During a conversation with one of our suppliers of boneless beef last week I was asked whether we used “love” in any of our burgers. I said, “Love, what is love?” He went on to inform me that is how he referred to beef hearts.
I asked why speak in code; why not just ask if I used hearts in my burger? He responded that in some cases customers do not want him to refer to them by name because of the negative perception customers may have if they knew they used hearts in their burgers.
He continued, “I suppose given your response that you do use hearts your burgers”.
I answered that in fact we did not use hearts or head and cheek meat in our burgers, yet not for fear of the possible negative perception by the public — in fact we believe beef hearts are a good lean source of protein. The reason we do not use hearts in any of our burgers is for food safety reasons.
As most know we as an industry have made big strides and advances in the reduction of E. coli O157:H7 through multiple hurdle interventions employed to the surface of the carcass. The question has been: Given the biological hazard of E. coli O157:H7 in slaughter, is there a process step we can put in place to reduce or eliminate the hazard? Yes -- hot water/ steam pasteurization and antimicrobial sprays. Hot water and steam by far are the most effective next to prevention. (Prevention: that’s for another day).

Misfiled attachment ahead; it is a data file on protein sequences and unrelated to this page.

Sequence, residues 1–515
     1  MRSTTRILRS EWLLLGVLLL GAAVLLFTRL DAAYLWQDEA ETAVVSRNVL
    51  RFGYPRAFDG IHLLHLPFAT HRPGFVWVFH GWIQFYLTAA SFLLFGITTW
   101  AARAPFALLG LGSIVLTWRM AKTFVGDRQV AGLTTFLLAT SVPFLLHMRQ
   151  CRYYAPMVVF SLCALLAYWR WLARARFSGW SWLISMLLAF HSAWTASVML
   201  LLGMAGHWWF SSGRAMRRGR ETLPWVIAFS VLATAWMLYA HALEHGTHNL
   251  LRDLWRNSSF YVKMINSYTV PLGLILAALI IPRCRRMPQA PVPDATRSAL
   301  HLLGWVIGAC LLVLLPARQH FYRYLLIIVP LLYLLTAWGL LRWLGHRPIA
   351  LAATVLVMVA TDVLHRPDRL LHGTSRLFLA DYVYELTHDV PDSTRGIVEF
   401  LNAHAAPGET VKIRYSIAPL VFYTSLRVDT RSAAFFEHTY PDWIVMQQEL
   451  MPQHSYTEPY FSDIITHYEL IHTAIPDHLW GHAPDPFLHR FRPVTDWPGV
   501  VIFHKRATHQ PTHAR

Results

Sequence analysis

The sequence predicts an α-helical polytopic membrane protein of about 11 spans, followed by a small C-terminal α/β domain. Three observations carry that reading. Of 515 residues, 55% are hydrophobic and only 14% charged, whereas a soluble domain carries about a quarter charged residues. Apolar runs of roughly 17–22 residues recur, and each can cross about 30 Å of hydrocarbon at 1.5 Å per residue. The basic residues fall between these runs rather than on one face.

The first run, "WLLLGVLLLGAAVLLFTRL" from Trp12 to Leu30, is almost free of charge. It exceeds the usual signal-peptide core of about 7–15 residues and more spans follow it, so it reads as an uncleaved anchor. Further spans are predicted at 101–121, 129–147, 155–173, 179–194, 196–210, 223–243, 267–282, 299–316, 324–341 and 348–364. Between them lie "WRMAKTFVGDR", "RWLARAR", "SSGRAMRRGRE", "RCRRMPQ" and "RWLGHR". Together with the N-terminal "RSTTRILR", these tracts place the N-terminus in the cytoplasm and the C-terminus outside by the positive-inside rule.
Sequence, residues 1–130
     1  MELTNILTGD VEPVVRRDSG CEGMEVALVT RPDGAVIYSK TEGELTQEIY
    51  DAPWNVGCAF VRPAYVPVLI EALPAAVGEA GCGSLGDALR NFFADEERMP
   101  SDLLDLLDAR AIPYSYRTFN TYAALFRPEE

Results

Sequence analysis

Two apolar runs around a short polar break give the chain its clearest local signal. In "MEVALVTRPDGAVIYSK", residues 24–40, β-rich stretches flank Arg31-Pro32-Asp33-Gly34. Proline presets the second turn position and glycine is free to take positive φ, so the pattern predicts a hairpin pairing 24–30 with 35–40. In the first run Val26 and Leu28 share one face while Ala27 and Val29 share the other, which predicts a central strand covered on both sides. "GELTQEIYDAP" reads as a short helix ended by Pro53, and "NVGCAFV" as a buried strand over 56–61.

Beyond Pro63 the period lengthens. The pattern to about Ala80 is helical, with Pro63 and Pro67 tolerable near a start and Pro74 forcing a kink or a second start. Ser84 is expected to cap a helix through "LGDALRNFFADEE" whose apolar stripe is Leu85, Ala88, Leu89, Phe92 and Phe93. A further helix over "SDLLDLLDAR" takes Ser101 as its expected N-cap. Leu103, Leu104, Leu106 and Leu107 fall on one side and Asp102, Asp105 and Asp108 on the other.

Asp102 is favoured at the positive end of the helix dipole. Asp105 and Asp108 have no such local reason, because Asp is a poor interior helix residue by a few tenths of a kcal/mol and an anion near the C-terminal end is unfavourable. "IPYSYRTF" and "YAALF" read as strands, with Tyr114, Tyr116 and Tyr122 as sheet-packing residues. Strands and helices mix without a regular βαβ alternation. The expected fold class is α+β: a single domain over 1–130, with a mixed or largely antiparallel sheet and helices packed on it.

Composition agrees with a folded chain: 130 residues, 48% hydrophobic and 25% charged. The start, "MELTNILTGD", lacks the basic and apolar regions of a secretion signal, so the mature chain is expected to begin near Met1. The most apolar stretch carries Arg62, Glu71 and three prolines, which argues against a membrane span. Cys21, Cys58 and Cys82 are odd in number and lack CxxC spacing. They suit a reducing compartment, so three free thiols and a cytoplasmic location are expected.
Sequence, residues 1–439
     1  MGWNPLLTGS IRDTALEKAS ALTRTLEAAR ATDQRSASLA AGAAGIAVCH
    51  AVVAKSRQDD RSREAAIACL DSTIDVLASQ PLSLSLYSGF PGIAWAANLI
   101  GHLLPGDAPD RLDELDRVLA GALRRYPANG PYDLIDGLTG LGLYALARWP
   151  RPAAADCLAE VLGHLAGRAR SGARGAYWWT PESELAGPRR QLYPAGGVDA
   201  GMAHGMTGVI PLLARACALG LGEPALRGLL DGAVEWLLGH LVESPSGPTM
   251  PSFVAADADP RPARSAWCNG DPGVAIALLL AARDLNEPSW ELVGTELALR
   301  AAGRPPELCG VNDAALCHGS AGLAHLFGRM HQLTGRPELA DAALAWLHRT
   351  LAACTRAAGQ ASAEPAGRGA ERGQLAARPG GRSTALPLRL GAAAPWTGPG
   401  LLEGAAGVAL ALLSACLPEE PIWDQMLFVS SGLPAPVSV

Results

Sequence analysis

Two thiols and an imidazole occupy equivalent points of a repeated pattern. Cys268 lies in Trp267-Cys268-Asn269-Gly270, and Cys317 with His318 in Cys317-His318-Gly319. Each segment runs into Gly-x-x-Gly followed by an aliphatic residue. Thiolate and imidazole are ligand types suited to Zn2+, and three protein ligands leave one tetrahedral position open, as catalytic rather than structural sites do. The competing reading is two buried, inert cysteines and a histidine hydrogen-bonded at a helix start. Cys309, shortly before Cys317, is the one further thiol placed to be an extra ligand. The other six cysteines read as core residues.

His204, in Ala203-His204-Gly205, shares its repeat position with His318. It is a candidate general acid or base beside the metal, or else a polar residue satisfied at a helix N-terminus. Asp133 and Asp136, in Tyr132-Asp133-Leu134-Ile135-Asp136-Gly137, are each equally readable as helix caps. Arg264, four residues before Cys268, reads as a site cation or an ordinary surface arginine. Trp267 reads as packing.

Proven through science, these interventions have been successful in reducing pathogenic bacteria in beef and hence have made our burgers safer.
However most do not know that these hot water and steam interventions are only employed to the carcass ... making only those products derived from the carcass and destined for grinding safer. Other inputs like hearts and cheeks do not go through these carefully monitored interventions. Hearts and cheeks follow a far different path.
During harvesting hearts fall onto the gut table, and prior to any antimicrobial spray are incised by government inspectors, which increases the surface of the heart and potentially trans locates dangerous bacteria from the surface of the heart to the center.
It is for these reasons, combined with our own in-house test results on hearts that have led us to the conclusion that hearts have been the input responsible for the most recent burger recalls in Canada.
Given the old adage “You cannot not know what you already know” it’s not enough for us to stop at just removing these riskier inputs from our burgers. We are also advocating governments and industry disallow hearts and cheeks from being allowed in ground products, period, while working with industry, the CFIA and food scientists to develop heat pasteurization interventions that can be successfully deployed on these inputs.
Who would have thought that a world without love could be a much safer place?
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